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Why social relations matter for politics and successful societies

Hall, Peter A. and Lamont, Michèle (2013) Why social relations matter for politics and successful societies. Annual Review of Political Science, 16 (1). pp. 49-71. ISSN 1094-2939

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Identification Number: 10.1146/annurev-polisci-031710-101143

Abstract

Political science can gain from incorporating richer conceptions of social relations into its analyses. In place of atomistic entities endowed with assets but few social relationships, social actors should be seen as relational entities embedded in social and cultural structures that connect them to others in multifaceted ways. Understanding those relationships requires a deeper understanding of how institutional and cultural frameworks interact to condition the terrain for social action. More intensive dialogue with sociology can inform such an understanding. We review the analytical tools cultural sociology now offers those interested in such a perspective and illustrate it in operation in studies of inequalities in population health and the effects of neoliberalism. We close by outlining several issues to which this perspective can usefully be applied, including the problems of understanding social resilience, how societies build collective capacities, and why some institutions remain robust while others deteriorate.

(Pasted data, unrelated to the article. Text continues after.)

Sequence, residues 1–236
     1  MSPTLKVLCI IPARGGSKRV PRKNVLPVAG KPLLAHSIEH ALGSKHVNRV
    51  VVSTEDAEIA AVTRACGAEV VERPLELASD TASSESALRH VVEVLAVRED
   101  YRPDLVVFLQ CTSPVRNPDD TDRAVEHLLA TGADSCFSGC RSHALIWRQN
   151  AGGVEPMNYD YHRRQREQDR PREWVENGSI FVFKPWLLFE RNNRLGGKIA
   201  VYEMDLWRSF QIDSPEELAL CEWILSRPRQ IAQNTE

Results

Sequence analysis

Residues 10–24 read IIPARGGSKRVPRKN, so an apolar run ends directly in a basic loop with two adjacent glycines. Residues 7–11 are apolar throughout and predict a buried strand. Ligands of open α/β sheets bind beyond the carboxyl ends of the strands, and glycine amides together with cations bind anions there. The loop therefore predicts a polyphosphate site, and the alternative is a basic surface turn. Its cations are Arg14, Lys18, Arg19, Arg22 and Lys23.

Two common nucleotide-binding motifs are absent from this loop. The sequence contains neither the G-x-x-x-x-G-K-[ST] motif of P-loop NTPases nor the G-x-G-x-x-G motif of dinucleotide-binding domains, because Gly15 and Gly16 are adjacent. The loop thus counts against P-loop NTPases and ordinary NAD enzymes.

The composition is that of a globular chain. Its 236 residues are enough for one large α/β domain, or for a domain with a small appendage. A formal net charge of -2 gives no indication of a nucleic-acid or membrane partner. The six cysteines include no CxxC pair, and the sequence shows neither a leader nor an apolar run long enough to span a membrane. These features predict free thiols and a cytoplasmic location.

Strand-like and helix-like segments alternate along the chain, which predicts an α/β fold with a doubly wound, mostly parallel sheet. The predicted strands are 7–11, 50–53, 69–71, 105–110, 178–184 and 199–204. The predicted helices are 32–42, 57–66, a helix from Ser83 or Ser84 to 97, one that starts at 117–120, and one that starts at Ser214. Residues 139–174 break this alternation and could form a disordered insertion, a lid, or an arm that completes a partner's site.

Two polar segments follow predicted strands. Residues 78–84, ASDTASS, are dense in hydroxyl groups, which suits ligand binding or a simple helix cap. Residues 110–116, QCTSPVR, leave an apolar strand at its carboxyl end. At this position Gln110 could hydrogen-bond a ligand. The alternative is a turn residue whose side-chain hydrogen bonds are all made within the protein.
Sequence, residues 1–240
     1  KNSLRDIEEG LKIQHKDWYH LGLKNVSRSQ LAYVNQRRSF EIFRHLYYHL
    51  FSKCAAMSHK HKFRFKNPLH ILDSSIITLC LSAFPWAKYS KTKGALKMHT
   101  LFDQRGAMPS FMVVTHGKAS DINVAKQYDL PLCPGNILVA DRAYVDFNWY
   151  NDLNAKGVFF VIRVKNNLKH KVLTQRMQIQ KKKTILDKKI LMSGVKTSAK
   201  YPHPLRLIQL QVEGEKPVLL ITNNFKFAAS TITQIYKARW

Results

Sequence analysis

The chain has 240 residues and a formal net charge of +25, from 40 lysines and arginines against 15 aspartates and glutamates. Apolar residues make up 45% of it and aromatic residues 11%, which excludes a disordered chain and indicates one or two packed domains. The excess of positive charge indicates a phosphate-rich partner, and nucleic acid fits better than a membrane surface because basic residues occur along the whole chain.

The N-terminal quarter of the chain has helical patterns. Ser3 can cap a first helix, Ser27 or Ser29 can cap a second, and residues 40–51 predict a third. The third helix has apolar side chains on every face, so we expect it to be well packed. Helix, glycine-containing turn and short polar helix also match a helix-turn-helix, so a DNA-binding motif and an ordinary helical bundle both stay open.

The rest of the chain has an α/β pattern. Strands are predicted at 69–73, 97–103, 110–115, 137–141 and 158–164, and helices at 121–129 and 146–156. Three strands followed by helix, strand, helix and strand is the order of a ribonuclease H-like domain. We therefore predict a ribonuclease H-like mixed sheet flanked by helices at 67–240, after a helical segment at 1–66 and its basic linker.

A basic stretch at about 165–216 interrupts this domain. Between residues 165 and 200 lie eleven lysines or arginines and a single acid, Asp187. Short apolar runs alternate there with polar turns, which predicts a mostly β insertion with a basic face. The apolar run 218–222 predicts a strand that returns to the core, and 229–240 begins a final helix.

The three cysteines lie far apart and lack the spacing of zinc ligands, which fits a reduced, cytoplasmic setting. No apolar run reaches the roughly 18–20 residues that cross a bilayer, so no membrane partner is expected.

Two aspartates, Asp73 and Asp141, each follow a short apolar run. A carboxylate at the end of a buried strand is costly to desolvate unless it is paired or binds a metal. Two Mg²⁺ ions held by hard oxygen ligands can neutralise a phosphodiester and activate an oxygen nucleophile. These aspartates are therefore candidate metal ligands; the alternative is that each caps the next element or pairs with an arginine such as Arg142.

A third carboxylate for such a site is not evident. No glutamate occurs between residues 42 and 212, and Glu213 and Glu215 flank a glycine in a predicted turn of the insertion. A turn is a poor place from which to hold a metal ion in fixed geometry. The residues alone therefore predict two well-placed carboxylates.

Item Type: Article
Official URL: http://www.annualreviews.org/journal/polisci
Additional Information: © 2013 The Authors
Divisions: European Institute
Subjects: J Political Science > JA Political science (General)
Sets: Departments > European Institute
Date Deposited: 04 Nov 2013 15:59
Last Modified: 08 Oct 2019 11:23
URI: http://eprints.lse.ac.uk/id/eprint/54047

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